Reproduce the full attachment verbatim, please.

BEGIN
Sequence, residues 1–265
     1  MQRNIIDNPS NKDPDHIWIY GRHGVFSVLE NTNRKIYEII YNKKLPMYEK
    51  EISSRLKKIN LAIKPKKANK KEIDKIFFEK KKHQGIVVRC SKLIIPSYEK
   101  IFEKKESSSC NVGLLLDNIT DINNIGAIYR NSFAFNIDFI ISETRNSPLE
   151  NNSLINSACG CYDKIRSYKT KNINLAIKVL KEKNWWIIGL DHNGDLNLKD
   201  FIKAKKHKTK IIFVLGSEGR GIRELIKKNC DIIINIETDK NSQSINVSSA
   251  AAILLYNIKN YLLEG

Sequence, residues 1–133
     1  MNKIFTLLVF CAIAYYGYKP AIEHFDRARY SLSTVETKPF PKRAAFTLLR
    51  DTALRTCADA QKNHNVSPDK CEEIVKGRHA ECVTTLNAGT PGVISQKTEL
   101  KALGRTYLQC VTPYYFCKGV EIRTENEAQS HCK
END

Sequence, residues 1–265
     1  MQRNIIDNPS NKDPDHIWIY GRHGVFSVLE NTNRKIYEII YNKKLPMYEK
    51  EISSRLKKIN LAIKPKKANK KEIDKIFFEK KKHQGIVVRC SKLIIPSYEK
   101  IFEKKESSSC NVGLLLDNIT DINNIGAIYR NSFAFNIDFI ISETRNSPLE
   151  NNSLINSACG CYDKIRSYKT KNINLAIKVL KEKNWWIIGL DHNGDLNLKD
   201  FIKAKKHKTK IIFVLGSEGR GIRELIKKNC DIIINIETDK NSQSINVSSA
   251  AAILLYNIKN YLLEG

Sequence, residues 1–133
     1  MNKIFTLLVF CAIAYYGYKP AIEHFDRARY SLSTVETKPF PKRAAFTLLR
    51  DTALRTCADA QKNHNVSPDK CEEIVKGRHA ECVTTLNAGT PGVISQKTEL
   101  KALGRTYLQC VTPYYFCKGV EIRTENEAQS HCK